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There is electron repulsion present in atoms with lone pairs or bonded pairs. The electron repulsion is strongest between lone pair electrons and the least amount of electron repulsion is present between bonding pairs.
Repulsion occurs between lone pairs and bonding pairs. However, the strength of the repulsions are different: lone pair-lone pair repulsion > lone pair-bonding pair repulsions > bonding pair-bonding pair repulsions.
Yes, since lone pairs are 2 electrons and electrons always repel each other, there will always be electron repulsion in atoms with lone pairs. The lone pair electrons will repel each other, and they will also repel other lone pair or bonding pair electrons.
Yes, there is repulsion between lone pair electrons. There is also repulsion between bonding pair electrons. The strength of these repulsions are different and are as follows: the lone pair-lone pair repulsion is stronger than the lone pair-bonding pair repulsion which is stronger than the bonding pair-bonding pair repulsion.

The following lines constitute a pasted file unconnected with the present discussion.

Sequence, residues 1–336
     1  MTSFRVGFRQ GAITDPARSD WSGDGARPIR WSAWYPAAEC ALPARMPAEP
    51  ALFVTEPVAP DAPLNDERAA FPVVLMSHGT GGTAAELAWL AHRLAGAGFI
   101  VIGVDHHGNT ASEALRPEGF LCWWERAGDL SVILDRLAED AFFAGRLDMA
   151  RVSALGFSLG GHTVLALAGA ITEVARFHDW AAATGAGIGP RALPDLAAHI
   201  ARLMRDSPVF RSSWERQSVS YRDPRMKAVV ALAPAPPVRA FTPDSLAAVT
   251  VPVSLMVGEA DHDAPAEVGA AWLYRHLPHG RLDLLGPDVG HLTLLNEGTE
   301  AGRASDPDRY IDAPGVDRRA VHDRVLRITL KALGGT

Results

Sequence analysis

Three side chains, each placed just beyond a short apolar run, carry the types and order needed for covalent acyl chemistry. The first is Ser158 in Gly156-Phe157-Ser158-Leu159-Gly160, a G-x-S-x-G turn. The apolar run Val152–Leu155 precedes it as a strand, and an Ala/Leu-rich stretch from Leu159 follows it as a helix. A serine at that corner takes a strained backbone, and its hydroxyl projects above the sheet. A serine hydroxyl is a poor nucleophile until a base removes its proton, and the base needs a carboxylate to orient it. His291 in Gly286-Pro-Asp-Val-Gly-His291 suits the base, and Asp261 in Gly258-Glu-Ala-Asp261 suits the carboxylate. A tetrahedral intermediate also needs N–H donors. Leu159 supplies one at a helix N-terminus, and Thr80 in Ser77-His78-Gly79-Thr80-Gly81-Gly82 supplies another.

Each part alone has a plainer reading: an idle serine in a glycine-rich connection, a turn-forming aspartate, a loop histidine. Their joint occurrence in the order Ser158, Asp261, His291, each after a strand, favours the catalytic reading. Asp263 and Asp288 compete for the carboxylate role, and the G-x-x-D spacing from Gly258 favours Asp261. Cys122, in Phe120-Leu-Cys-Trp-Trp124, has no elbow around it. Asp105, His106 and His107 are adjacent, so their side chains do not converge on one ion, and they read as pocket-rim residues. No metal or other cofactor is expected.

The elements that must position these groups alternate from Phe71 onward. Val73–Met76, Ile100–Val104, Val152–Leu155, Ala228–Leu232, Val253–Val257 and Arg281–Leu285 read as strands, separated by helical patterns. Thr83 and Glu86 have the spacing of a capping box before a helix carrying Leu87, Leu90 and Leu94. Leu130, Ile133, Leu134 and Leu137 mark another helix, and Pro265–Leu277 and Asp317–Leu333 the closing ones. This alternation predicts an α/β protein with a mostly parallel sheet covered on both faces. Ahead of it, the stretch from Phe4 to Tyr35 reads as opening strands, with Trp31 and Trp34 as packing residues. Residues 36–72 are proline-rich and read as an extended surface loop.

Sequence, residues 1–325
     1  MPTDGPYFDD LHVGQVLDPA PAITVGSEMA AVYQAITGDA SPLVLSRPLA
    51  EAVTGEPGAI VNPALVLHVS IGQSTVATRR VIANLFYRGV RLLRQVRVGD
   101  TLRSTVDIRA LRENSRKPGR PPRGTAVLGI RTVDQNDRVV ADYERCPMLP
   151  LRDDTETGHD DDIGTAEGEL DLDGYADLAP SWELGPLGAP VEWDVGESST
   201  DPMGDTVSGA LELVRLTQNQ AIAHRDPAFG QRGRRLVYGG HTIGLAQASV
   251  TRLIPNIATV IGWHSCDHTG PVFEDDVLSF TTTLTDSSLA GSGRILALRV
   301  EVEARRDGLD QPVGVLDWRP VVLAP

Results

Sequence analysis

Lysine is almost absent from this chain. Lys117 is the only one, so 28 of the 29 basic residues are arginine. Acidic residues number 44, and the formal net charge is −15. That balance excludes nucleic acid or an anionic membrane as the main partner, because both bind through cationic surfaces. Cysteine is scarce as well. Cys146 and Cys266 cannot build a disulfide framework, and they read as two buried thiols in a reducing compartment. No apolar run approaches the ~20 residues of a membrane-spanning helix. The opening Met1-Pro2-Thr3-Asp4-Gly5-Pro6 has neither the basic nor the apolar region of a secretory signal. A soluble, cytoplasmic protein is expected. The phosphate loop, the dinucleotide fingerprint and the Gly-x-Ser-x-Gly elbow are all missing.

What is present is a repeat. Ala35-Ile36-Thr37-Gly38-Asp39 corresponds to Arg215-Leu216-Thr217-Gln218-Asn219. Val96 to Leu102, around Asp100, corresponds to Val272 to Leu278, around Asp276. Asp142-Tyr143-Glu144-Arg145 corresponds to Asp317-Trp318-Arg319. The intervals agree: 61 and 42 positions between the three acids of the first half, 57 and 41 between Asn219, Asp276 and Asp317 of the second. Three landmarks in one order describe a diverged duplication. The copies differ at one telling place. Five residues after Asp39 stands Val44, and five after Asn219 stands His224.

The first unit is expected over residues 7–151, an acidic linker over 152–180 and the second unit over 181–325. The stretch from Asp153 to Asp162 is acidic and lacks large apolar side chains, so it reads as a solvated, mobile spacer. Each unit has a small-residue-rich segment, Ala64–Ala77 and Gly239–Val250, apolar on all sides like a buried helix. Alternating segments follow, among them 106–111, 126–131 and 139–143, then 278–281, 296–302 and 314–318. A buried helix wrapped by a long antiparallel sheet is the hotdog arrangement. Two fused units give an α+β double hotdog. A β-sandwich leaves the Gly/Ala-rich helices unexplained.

Electron repulsion will play a part in determine the shape of a molecule because lone pairs repel each other. Also, repulsion strength is greatest in lone-lone pair, then lone-bonding pair, and weakest in bonding-bonding pairs.
Yes! Lone pairs repulsion is the most has the greatest repulsion strength. However there is still repulsion among long bonding pairs, and bonding-bonding pairs, with their strength decreasing in that order.
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